# Can't solve a differential equation $xdy-2ydx+xy^2(2xdy+ydx)=0$.

Given an equation:

$$xdy-2ydx+xy^2(2xdy+ydx)=0$$

I've tried a lot to group the dx and dy multipliers, but haven't proceed to at least go further in my solution, so I need help.

• are $x$ and $y$ independent variables, or how they are related? Oct 29 '18 at 14:19

Try to use $$2xdy+ydx = \frac1yd(xy^2)$$ and $$xdy-2ydx = x^3\,d(x^{-2}y)$$ and express the remaining coefficients in terms of $$u=xy^2$$ and $$v=x^{-2}y$$.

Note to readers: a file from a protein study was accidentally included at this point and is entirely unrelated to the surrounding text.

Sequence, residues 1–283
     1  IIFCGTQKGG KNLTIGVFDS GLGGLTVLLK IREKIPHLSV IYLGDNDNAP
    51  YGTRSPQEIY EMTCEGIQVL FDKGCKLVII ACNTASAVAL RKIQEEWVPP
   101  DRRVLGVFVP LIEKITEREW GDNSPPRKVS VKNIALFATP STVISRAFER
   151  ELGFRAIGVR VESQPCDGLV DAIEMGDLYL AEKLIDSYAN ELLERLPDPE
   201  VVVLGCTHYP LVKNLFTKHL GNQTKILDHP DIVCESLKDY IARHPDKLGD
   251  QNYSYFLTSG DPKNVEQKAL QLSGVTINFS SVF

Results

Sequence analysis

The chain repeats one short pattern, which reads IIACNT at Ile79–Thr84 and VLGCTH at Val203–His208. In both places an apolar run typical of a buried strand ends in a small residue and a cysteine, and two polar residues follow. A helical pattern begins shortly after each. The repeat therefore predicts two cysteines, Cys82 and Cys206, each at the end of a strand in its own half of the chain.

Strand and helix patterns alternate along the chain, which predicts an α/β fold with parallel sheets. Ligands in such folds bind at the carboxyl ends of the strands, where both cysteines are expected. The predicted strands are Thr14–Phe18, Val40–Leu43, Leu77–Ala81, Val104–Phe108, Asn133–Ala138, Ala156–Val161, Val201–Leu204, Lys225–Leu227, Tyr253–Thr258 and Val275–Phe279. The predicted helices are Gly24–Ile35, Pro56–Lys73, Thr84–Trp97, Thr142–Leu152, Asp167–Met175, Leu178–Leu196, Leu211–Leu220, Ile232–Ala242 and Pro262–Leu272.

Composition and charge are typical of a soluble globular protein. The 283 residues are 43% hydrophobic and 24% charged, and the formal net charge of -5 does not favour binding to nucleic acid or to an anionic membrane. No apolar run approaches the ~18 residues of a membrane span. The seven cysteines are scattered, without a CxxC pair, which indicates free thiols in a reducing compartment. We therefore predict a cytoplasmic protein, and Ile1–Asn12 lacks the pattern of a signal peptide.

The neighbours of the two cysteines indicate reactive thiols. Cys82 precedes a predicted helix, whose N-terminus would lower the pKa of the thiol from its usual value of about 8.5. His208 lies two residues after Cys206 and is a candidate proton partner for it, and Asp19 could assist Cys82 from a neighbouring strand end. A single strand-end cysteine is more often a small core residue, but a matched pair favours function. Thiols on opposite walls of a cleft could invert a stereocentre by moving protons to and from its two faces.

Hint: One way is finding integrating factor, so with $$(-2y+xy^3)dx+(x+2x^2y^2)dy=0$$ $$M=-2y+xy^3$$ and $$N=x+2x^2y^2$$, then $$p(z)=\frac{{M}_{y}-{N}_{x}}{Ny-Mx}=\frac{-(3+xy^2)}{xy(3+xy^2)}=\dfrac{-1}{xy}=\dfrac{-1}{z}$$ therfore $$I=e^{\int p(z)\ dz}=\dfrac{1}{z}=\color{blue}{\dfrac{1}{xy}}$$ is integrating factor.